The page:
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More Evidence Christianity is a Farce

Friday, June 20 2008 @ 10:58 AM CDT

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It was believed prayer and counseling could cure sexual attraction to children.

(More BS from the BS religion that is raping the minds and bodies of our children)

Catholic sex abuse crisis far from over in Vermont diocese

By John Curran

Many Roman Catholics believe that the worst of the clergy sex-abuse scandal is over. But in the Diocese of Burlington, it's deepening.

The case of one cleric, assigned to Vermont parishes in the 1970s despite warnings from an Indiana bishop that the priest was suspected of molesting boys, is battering the local church.

Last month, a former altar boy who said the Rev. Edward Paquette molested him repeatedly three decades ago won an $8.7 million jury verdict in a negligence lawsuit against the diocese.

Attorneys for the diocese said they have insurance that could cover part of the $8.7 million payout, but they couldn't find their copy of the policy and had sued the insurer to get it.

To make certain that the settlement is paid, a judge put a $10.2 million lien on the diocese's central offices. An appeal is pending. But even if the verdict is overturned, 16 more people who said Paquette molested them in Vermont have filed their own claims.

It's an expense the Vermont church will have to scramble to avoid.

Paquette is not known to have faced criminal charges, but he acknowledged in a 2006 deposition that he was "sexually involved" with boys while in parishes in Massachusetts, Indiana and Vermont. That deposition was for a negligence claim brought by a former Vermont altar boy who reached a near $1 million settlement with the Burlington Diocese.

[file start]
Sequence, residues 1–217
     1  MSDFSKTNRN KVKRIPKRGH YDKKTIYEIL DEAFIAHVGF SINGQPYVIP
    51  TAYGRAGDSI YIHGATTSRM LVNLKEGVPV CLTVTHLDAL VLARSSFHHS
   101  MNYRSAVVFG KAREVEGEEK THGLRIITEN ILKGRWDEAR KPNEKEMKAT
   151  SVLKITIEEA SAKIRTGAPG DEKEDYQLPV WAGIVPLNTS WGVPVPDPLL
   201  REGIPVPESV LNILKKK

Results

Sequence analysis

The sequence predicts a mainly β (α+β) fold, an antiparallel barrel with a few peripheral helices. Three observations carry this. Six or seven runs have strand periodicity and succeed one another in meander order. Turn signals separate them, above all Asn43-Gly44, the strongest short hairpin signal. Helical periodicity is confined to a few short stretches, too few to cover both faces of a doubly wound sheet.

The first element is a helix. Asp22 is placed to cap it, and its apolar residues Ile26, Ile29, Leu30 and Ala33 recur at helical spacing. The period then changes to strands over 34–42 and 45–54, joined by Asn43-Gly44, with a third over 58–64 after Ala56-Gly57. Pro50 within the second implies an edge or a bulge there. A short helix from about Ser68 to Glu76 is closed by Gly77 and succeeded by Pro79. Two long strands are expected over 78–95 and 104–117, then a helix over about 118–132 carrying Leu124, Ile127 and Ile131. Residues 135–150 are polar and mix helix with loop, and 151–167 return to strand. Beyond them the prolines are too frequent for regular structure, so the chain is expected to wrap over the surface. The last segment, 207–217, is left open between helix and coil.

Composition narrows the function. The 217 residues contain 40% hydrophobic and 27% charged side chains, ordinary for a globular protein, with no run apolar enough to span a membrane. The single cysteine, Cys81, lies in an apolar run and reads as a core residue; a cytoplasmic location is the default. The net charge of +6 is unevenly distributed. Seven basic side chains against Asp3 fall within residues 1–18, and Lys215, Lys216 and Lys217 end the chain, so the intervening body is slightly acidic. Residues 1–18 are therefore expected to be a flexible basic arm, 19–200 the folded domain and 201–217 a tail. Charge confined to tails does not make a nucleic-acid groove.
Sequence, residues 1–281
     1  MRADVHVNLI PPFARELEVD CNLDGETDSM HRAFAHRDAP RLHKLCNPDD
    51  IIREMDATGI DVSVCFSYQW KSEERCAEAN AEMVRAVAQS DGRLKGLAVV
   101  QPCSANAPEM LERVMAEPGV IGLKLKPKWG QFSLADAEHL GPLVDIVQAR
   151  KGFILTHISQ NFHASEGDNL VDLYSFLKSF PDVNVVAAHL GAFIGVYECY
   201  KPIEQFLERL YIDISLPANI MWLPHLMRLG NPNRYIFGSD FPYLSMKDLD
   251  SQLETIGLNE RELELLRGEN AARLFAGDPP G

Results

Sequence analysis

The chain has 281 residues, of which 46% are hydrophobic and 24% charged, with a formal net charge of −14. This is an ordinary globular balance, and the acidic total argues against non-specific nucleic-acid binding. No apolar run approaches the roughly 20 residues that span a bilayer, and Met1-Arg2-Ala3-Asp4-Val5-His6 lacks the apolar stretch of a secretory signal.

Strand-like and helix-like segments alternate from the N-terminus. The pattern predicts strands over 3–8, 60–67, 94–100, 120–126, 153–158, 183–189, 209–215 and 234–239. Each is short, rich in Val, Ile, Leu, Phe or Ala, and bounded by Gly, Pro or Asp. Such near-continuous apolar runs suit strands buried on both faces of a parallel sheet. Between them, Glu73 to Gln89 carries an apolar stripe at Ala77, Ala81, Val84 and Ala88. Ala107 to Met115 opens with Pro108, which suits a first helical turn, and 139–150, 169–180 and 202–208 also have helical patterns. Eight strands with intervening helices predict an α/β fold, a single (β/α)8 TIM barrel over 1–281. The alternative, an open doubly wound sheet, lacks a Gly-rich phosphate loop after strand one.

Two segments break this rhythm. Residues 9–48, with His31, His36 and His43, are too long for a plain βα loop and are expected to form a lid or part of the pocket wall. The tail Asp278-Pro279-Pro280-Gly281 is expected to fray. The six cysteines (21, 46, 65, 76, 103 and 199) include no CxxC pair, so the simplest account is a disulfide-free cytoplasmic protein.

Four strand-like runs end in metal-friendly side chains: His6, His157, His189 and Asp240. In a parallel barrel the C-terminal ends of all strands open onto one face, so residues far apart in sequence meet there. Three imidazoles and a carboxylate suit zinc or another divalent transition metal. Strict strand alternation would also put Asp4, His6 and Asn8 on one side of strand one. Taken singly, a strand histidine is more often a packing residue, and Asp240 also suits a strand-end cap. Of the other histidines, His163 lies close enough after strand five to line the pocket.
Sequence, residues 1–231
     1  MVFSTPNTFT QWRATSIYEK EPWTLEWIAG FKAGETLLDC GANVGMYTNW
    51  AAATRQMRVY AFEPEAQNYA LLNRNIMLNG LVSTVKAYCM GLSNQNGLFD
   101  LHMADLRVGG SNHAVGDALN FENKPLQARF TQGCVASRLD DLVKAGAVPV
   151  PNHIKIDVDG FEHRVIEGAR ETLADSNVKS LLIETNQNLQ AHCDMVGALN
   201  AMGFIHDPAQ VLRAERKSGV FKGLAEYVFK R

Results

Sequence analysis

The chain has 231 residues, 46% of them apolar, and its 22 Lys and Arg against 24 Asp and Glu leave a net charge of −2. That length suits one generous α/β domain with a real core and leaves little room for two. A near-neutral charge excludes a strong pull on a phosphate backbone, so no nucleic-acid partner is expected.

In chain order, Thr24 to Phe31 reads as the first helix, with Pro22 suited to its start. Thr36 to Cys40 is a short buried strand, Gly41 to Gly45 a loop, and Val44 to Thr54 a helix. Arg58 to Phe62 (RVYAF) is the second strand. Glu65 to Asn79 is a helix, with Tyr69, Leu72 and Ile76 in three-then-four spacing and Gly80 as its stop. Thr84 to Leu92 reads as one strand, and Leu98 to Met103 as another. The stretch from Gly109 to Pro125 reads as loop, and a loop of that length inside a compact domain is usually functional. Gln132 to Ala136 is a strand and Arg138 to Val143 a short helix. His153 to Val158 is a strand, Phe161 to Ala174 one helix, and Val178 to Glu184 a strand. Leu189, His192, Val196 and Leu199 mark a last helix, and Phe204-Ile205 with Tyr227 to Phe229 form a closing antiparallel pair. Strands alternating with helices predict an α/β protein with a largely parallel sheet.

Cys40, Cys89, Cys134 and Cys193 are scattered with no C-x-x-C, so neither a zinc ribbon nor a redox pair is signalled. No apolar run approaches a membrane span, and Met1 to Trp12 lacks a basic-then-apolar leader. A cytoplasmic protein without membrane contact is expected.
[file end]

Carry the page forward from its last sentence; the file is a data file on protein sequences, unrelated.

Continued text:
THe diocese, which serves all of the state's 148,000 Catholics, put its individual parishes under charitable trusts two years ago to shield them from what Burlington Bishop Salvatore Matano called "unbridled, unjust and terribly unreasonable assault."

The diocese also faces at least six additional negligence cases involving other Vermont clergy.

Matano is considering selling property — including a Lake Champlain site that has been used for more than 20 years as a summer camp for children with cancer.

The accuser's attorney in the recent jury trial, Jerome O'Neill, called it a publicity stunt used to generate sympathy for the diocese. He contended that the church was considering selling Camp Holy Cross before the recent verdict.

Zech said the diocese should have sought bankruptcy protection, as six other American dioceses did in response to multimillion-dollar abuse claims. But Tom McCormick, a lawyer who represents the diocese, said church officials would only file for Chapter 11 as a last resort.

Beyond money, parishioners' trust in the diocese is at stake.

Church officials have defended their handling of abuse claims in the 1970s, saying that at the time, it was believed prayer and counseling could cure sexual attraction to children.

Matano declined to be interviewed.

He told Vermont Catholics in a letter read at Mass on May 18 that he hoped that the "needed ministries will continue uninterrupted and parishes remain unaffected by a burden that does not belong to them."

O'Neill said that the diocese had more than enough resources to fund the settlements, including $42 million worth of property in Burlington alone.

"It's payment of a past-due debt, ever since Bishop Marshall and other parts of this diocese permitted those priests to abuse boys," O'Neill said.

But Zech said that if the diocese sells its real estate to fund the settlements "they might as well cease to exist."





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